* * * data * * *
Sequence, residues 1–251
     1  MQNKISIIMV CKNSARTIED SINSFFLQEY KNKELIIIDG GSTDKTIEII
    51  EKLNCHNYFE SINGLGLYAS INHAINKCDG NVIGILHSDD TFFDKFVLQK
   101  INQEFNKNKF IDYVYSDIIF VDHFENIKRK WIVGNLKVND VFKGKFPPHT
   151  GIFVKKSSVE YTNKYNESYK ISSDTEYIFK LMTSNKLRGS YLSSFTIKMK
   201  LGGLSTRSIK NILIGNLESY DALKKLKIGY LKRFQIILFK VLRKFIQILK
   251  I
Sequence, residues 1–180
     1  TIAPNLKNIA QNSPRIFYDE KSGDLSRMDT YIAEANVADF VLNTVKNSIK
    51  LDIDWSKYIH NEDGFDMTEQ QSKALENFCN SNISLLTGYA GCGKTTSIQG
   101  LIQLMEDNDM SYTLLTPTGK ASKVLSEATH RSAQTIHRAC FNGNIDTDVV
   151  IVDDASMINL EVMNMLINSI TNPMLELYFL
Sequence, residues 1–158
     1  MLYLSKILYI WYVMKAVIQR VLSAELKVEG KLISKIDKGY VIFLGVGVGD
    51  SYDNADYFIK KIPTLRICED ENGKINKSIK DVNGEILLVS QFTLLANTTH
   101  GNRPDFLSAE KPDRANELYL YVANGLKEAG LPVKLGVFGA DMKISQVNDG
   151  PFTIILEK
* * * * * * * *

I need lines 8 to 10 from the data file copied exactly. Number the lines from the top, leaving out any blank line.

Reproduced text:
Sequence, residues 1–180
     1  TIAPNLKNIA QNSPRIFYDE KSGDLSRMDT YIAEANVADF VLNTVKNSIK
    51  LDIDWSKYIH NEDGFDMTEQ QSKALENFCN SNISLLTGYA GCGKTTSIQG